by Milandria King, LL.M of Cordell & Cordell, PC
Recent legislation offers breaks for home sales and purchases, above and beyond the deductions for mortgage interest and real estate taxes. The new first-time homebuyer tax credit may reduce a tax bill for 2008 or 2009 by up to $7,500 for a single filer or a couple filing jointly, even if that couple is in the midst of a divorce. For purposes of clarification, “first-time homebuyer” is an individual or a couple who had no ownership interest in a principal residence in the United States during the three years ending on the purchase date of the residence for which the credit is claimed. Thus, someone who formerly owned a home, then rented for several years, would qualify for this credit. The purchase must be made on or after April 9, 2008 and before December 31, 2009.
Homebuyers who qualify are allowed a one-time credit of 10 percent of the purchase price, up to the $7,500 limit, against their income tax for the year of purchase. Married taxpayers who file separately may claim no more than $3,750 each. Although this is referred to as a refundable tax credit in a 2008 law, it is essentially an interest-free loan that must be repaid in equal amounts over fifteen years, starting the year after the credit is claimed. The credit is available to joint filers with modified adjusted gross incomes below $150,000; it phases out once income exceeds $170,000. For single filers, the values are $75,000 with a $95,000 phaseout.
Widows and widowers who sold homes last year may also receive a new tax exclusion. Previously, couples were entitled to exclude gains of up to $500,000 when they sold a principal residence in which they had lived for two of the previous five years, but for single filers the exclusion was limited to $250,000. Effective starting in 2008, a surviving spouse may exclude up to $500,000 if the sale occurs within two years of the other spouse’s death.
Homeowners may also qualify for a plus-size standard deduction. Taxpayers have generally had the choice of whether to itemize their deductions on Schedule A or to take the standard deduction. Now taxpayers must consider whether they might be better off with the standard. The reason for this is that a 2008 law allows homeowners who take the standard deduction an additional standard deduction for state and local property taxes. It is $500 for single filers and $1,000 for joint filers. It would be wise, here, to plan ahead by claiming the standard deduction in one year and itemizing the next. This would allow the taxpayer to lump together gifts such as charitable donations.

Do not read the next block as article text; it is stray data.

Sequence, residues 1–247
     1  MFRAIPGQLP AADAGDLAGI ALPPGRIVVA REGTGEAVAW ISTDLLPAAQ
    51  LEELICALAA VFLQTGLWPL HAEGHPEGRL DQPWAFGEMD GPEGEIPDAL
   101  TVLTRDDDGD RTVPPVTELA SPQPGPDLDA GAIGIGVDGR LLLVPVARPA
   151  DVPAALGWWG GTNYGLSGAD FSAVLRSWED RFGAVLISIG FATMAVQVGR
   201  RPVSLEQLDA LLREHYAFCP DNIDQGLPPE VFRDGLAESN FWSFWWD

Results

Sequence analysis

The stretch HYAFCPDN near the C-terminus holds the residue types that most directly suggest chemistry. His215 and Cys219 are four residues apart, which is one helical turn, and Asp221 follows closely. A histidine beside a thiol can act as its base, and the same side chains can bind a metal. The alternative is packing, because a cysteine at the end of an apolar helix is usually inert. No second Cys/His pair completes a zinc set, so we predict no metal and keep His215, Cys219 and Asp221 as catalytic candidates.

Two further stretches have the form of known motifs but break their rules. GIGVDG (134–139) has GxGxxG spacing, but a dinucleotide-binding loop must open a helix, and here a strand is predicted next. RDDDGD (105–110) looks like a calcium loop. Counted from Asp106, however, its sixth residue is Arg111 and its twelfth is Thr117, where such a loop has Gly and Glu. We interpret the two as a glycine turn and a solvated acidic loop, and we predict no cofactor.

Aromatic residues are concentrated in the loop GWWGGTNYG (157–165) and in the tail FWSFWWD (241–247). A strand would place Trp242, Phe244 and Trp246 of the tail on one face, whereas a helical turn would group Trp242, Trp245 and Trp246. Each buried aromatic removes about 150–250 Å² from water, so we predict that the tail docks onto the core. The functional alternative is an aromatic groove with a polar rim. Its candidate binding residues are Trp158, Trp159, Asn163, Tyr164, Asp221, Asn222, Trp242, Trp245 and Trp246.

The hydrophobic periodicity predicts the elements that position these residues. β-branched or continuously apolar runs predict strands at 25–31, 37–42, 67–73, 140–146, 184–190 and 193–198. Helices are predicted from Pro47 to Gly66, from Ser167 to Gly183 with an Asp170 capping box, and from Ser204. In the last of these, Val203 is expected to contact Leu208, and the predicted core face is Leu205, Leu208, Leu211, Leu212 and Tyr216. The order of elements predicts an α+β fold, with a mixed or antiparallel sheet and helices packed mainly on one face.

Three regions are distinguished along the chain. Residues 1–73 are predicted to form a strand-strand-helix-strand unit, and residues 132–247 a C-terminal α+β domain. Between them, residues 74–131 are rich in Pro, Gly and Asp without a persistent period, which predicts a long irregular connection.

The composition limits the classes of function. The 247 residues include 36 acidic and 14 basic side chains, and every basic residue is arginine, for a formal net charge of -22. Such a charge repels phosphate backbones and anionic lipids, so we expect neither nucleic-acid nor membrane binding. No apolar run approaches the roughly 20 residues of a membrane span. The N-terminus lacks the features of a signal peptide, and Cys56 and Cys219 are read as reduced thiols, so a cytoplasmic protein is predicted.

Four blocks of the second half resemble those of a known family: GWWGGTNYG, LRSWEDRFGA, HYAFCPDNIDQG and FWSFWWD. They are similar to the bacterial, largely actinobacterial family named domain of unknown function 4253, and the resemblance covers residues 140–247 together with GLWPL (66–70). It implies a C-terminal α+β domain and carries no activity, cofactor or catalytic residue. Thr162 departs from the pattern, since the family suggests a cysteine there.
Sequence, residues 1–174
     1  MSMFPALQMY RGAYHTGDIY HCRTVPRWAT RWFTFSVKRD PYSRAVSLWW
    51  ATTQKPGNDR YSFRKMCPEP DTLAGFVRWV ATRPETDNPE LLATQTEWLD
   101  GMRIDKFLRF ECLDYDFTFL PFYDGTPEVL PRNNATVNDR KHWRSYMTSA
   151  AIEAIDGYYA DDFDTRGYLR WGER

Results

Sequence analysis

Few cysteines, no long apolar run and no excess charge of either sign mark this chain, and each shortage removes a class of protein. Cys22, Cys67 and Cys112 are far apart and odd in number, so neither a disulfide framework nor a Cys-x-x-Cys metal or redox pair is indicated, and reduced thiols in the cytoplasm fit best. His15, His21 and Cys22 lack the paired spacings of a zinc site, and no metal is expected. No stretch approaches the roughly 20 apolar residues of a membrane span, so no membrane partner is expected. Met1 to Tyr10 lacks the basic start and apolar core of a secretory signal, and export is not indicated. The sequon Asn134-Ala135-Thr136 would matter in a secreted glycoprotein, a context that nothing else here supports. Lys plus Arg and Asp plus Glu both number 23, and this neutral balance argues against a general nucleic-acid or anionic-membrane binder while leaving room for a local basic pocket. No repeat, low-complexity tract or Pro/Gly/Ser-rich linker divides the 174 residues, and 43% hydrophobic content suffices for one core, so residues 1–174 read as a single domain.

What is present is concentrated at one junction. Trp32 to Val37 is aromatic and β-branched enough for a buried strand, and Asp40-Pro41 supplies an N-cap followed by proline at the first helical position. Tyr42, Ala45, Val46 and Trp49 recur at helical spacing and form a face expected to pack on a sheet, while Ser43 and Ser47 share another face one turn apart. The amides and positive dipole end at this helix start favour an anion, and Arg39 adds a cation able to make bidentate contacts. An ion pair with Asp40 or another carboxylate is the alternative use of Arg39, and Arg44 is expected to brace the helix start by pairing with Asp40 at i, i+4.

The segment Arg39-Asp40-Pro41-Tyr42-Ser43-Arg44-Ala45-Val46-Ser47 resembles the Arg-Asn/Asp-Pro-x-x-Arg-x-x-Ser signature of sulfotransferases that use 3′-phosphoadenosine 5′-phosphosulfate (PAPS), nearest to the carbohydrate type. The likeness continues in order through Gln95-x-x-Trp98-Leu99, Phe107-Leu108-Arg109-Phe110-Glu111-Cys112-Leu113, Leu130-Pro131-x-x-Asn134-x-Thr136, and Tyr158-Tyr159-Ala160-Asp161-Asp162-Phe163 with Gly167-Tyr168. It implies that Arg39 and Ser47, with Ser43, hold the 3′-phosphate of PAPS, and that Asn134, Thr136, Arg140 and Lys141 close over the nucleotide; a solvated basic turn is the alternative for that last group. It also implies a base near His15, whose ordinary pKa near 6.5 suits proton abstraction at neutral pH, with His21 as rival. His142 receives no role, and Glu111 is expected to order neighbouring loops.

In addition to tax benefits for homeowners, military personnel and their families may qualify for a number of tax breaks. Combat pay, for example, is not taxable up to the highest rate of enlisted pay which was $7,100 a month in 2008. For income that is taxable, members of the armed forces have the flexibility of extended deadlines to file and pay. The Internal Revenue Service offers information on these benefits on its website at www.irs.gov/newsroom, in addition to Publication 3, the “Armed Forces Tax Guide”.
The loss of a job also has implications at tax time. Unemployment compensation is taxable for 2008, but expenses incurred in the search for a new job in the same area of work are deductible. For taxpayers who are financially distressed, the I.R.S. promises to be a little more flexible in approving requests for installment payment plans for their taxes on Form 9465. Requests for less than $10,000 may be approved automatically for taxpayers who have not entered into installment agreements in the past five years. This is significant for those who may qualify and benefit.
Additional strategies, tips, and available credits and deductions are available at www.irs.gov.
Milandria King is a Senior Attorney in the Memphis, Tennessee office for Cordell & Cordell, P.C., admitted to practice law in the state of Tennessee. Additionally, Ms. King is admitted to practice before the Sixth Circuit Court of Appeals and before the United States District Court for the Western District of Tennessee. Her memberships include the American Bar Association, the Memphis Bar Association, the Tennessee Bar Association, as well as the Association for Women Attorneys.